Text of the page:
There are some rumours that just never seem to die. While one of the more persistent rumours of recent months has been the notion that Microsoft is planning to launch its own Windows Phone handset, another old chestnut has just resurfaced in a completely different arena of the tech world.
It's been speculated for months - years, in fact - that Apple is planning to build its own television. Rumours have swirled of ultra-thin displays of varying sizes, gesture control, flawless Siri voice interaction and plenty more besides. Yet despite the periodic resurgence of the hearsay and whispers that get the tech community in a frenzy over such a device, the only Apple TV we've seen so far has been the tiny little box that plugs into 'conventional' TV sets - a device that Apple has never really seemed keen to promote beyond its 'hobby' status, despite regular updates and enhancements.
Not actually a TV.
But it's that time again, as the rumour mill begins to churn and the grapevine starts to wilt under the weight of rumour and wishful thinking. Business Insider picked up on an analyst's note written by James Kisner from Jefferies & Company to cable technology company Arris, in which he refers to an Apple TV set being "imminent".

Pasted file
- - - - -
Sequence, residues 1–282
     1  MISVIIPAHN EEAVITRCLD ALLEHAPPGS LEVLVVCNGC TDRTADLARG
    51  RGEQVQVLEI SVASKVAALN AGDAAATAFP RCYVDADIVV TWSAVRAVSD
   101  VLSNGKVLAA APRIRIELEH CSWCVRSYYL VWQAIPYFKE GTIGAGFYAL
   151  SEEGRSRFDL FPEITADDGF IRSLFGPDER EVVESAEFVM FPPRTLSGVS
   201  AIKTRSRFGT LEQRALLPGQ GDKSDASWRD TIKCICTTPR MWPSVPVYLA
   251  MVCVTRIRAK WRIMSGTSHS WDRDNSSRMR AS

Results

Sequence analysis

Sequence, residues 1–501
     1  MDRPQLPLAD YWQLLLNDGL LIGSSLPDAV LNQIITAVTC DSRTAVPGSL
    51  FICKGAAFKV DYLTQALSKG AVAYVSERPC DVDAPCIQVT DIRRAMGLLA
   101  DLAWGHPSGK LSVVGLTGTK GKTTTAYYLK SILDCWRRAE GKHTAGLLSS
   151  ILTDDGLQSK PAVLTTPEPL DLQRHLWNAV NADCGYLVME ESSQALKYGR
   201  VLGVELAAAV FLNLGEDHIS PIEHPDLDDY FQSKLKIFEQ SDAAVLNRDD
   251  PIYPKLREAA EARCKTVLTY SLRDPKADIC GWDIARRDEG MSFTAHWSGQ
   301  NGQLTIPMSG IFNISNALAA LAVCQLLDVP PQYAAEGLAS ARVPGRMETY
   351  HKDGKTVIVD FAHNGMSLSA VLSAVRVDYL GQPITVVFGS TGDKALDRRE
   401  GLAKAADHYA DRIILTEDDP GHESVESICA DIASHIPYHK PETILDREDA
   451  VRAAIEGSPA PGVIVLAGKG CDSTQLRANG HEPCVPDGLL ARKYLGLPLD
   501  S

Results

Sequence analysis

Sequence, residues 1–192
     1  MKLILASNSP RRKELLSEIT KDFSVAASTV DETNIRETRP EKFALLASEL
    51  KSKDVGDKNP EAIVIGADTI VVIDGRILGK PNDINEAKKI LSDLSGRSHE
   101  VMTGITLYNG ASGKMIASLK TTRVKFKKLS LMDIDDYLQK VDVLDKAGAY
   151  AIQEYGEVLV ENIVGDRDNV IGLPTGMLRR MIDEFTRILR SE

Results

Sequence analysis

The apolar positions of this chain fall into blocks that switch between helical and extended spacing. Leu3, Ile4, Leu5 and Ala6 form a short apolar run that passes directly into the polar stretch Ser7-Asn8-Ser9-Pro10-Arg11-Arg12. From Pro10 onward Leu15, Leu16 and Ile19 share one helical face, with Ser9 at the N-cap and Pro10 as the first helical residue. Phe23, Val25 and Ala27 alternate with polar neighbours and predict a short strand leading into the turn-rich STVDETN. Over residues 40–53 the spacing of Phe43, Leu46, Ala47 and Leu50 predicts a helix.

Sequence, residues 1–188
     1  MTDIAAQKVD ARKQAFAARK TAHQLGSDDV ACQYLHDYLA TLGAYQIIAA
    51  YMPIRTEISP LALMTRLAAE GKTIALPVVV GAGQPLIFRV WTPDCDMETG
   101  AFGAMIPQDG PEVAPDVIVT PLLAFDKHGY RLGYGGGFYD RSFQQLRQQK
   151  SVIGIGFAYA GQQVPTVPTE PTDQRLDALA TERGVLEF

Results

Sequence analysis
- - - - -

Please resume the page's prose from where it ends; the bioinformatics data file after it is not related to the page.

Our discussions with industry contacts suggest that at least one major N American MSO [multiple system operator] is working to estimate how much additional capacity may be needed for a new Apple device on their broadband data network. We believe this potentially suggests an imminent launch of the Apple TV."
Now, before we all get too excited about the arrival of the mythical device being just around the corner, let's just remind ourselves that a year ago - almost to the day - an analyst note from Jefferies indicated that Apple's new HDTV would be going into production in February 2012, ahead of a launch in the middle of this year. And if you're starting to feel a sense of déjà vu here, let's also remember that an analyst note from Jefferies in August 2012 stated that the Apple "iTV" was already in full production.
Still, if you say something enough times, perhaps the law of averages will make you right in the end.
Source: Business Insider | Image via Apple